From director Sam Raimi, Oz the Great and Powerful imagines the origins of the wizard that was first brought to life in author L. Frank Baum’s book The Wizard of Oz, in a fantastical adventure that utilizes 3D to enhance what is truly an awe-inspiring movie-going experience. When small-time circus magician Oscar Diggs (James Franco) is unexpectedly carried from Kansas to the vibrantly beautiful Land of Oz in a tornado, he soon meets three witches – Theodora (Mila Kunis), Evanora (Rachel Weisz) and Glinda (Michelle Williams) – who are unsure about whether he truly is the great wizard that they’ve been expecting. In one of the biggest tales of fake it ‘til you make it, Oscar must use his magical skill and a little ingenuity to help good triumph over evil.
At the film’s press day, Collider got the opportunity to speak with producer Joe Roth during both the press conference and a 1-on-1 interview about how this project came about, his prior experience with the original The Wizard of Oz film, how involved he was in shaping which Baum tales they would blend together to tell this origin story, how important it was to center the film around a flawed hero, why Sam Raimi was the right director, assembling this talented cast, and the most challenging aspects of such a big production. He also talked about the high-risk and high-reward involved in taking on such iconic characters (he’s done it with Oz, Alice in Wonderland and Snow White), their spin on the Sleeping Beauty story for Maleficent and how crucial the casting of Angelina Jolie and Elle Fanning was, how they’re approaching the Alice in Wonderland sequel, and that he hopes to go into production on a very low-budget movie based on the book Heaven is for Real in the summer. Check out what he had to say after the jump.
by Tommy Cook Posted: February 26th, 2013 at 3:43 pm
Park Chan-Wook’s (Old Boy) American debut Stoker, an odd little film if ever there was one, has the Asian auteur taking on Hitchcock. Ostensibly a remake/reimagining/updating of Hitch’s own Shadow of a Doubt, Stoker centers on a young pubescent girl, whose father has recently died under ‘mysterious’ circumstances. Enter an equally ‘mysterious’ long lost uncle (Mathew Goode), a series of murders, a distant never-present mother (Nicole Kidman) – and Park has all the ingredients he needs to make a pretty damn efficient thriller/melodrama. Ol’ Hitch would be proud.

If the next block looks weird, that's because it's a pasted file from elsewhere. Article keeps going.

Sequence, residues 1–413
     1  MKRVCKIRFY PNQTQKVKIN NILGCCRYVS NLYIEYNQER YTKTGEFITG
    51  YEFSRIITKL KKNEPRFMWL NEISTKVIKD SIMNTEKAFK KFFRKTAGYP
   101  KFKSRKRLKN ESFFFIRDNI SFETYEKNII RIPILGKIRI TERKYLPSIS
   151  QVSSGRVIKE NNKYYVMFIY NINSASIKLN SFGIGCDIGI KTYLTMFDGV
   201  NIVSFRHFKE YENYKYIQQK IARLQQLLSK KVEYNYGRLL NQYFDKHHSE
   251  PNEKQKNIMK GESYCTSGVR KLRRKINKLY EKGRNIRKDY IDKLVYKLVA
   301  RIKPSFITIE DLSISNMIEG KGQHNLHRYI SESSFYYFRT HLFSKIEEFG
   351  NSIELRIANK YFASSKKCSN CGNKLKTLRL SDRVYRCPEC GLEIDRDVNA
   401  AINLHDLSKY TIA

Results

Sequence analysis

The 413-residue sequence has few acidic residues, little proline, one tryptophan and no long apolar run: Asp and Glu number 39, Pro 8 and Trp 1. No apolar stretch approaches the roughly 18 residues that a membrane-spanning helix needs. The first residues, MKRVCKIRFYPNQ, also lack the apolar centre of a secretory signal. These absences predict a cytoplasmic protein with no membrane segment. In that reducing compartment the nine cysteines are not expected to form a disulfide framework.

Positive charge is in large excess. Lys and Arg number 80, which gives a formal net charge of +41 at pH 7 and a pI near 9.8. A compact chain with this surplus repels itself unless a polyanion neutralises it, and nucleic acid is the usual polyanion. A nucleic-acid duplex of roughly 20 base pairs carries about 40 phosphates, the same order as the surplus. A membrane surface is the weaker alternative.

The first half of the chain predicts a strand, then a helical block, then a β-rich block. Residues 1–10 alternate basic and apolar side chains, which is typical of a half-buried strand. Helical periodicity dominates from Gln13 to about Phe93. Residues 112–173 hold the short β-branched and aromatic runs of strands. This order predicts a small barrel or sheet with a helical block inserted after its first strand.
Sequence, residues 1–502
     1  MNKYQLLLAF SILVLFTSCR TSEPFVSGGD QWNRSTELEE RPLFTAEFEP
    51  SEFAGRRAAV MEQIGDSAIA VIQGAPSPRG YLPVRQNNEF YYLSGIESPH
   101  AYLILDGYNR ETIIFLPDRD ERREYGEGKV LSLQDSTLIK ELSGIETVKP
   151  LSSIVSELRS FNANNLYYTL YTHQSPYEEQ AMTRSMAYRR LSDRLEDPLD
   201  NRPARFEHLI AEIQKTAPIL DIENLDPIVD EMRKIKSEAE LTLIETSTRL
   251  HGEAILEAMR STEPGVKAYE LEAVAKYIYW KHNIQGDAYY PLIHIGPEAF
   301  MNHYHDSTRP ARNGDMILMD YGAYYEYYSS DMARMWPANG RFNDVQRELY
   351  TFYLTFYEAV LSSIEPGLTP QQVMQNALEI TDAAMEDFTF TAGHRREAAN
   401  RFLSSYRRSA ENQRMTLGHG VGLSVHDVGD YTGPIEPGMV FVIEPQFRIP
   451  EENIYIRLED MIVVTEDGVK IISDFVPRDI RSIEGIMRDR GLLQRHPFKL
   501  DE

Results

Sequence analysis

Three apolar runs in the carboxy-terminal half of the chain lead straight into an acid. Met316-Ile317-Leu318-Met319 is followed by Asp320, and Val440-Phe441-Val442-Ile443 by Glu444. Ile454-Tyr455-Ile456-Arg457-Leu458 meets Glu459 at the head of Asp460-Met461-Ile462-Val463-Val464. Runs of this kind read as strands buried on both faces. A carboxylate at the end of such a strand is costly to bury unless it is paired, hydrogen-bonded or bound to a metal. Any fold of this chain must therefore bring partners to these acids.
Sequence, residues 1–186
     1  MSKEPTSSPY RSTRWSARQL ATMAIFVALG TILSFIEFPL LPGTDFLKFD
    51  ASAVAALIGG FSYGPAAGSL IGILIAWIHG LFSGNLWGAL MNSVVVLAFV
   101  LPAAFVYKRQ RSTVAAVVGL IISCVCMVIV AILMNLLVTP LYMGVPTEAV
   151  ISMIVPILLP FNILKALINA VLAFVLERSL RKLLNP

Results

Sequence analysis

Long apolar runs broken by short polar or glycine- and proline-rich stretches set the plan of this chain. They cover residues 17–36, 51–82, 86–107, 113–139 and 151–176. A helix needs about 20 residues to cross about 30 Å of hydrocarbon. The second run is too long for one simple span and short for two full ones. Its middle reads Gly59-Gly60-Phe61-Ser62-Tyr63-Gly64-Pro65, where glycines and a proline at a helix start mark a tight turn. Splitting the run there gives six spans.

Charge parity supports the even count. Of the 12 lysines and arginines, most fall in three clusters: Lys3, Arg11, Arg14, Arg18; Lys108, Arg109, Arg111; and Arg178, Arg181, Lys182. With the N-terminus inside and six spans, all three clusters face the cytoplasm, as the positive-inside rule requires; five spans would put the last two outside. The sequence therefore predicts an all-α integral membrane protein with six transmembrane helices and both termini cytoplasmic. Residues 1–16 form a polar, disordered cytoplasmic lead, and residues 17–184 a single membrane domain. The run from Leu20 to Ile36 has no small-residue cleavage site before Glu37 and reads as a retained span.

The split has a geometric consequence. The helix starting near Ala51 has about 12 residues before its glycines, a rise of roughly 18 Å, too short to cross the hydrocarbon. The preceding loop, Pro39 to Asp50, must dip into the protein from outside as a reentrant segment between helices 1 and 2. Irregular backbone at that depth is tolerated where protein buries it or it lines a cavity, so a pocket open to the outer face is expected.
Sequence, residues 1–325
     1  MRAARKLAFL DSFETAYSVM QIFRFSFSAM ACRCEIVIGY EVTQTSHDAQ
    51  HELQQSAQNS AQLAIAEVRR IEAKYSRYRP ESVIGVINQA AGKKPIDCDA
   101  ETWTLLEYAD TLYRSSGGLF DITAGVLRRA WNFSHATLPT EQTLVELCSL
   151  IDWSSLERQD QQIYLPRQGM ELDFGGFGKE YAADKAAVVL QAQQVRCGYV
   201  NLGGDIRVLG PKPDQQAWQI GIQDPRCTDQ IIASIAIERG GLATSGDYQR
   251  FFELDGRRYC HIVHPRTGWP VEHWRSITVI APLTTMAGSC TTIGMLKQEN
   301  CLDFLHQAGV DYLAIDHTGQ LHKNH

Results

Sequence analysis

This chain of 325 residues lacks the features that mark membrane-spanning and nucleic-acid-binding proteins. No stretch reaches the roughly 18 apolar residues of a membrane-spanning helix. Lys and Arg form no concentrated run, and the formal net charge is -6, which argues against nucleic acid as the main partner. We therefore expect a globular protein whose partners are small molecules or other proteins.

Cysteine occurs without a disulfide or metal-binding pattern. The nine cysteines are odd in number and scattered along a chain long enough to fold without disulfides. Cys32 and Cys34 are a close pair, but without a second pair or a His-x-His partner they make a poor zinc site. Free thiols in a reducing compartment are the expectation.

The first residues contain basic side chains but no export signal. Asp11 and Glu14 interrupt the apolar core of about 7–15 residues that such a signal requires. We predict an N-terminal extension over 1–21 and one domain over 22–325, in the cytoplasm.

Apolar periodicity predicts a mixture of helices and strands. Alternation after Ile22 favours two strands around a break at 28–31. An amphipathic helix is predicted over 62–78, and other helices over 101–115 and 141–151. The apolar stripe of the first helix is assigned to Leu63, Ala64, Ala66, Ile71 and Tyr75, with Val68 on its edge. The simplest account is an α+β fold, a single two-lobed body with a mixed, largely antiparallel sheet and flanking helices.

Mia Wasikowska (Alice in Wonderland) is the standout here. As India, the fatherless young woman who comes to suspect her ‘Uncle Charlie’ is a murderer, Wasikowska deftly uses her delicate features as a counterbalance to her character’s darker and more perverse proclivities — for the film is less a mystery about who Uncle Charlie is and more so who India really is. In the following interview with Wasikowska, she discusses working with Park Chan Wook, India’s ‘self-discovery’, a potential sequel to Alice in Wonderland and her upcoming vampire Jim Jarmusch film Only Lovers Left Alive. For the full interview, hit the jump.
When a movie grosses over a billion dollars in the worldwide box office, like Disney’s Alice in Wonderland back in 2010, you can pretty much guarantee a sequel is on the way. That seems to be the case for Alice, because screenwriter Linda Woolverton is reportedly penning the sequel. Woolverton wrote the original Tim Burton picture, which starred Mia Wasikowska in the title role and Johnny Depp as the Mad Hatter. Her latest effort, Maleficent, is currently in post-production. Variety reports that she also wrote the script for a stage play and musical adaptation of the 2010 Alice in Wonderland, which is to be directed by Rob Ashford. The sequel’s details are obviously being kept under wraps, but keep an eye on this one for future developments. Hit the jump to see the trailer and poster from the original film.
One of the films that got rave reviews at this year’s Sundance Film Festival was director Lisa Cholodenko’s (High Art, Laurel Canyon) The Kids Are All Right. The film is about two teenage children Mia Wasikowska (Alice in Wonderland) and Josh Hutcherson (Journey to the Center of the Earth, Red Dawn) that decide to track down their donor father (Mark Ruffalo) as they were both conceived artificially by their two mothers (Annette Bening and Julianne Moore). Once they locate him, their household will never be the same. Like I said yesterday when I posted my interview with director Lisa Cholodenko, I loved this movie and I think it’s going to be remembered at the end of the year during Award season.
Anyway, I recently got to speak with Mia Wasikowska and we talked about how she got involved in the project, what it was like to work with such a great cast, what the past year has been like for her, and I also got updates on Gus Van Sant’s Restless, Jane Eyre, and has she heard anything about a sequel to Alice in Wonderland. Hit the jump to see what she had to say: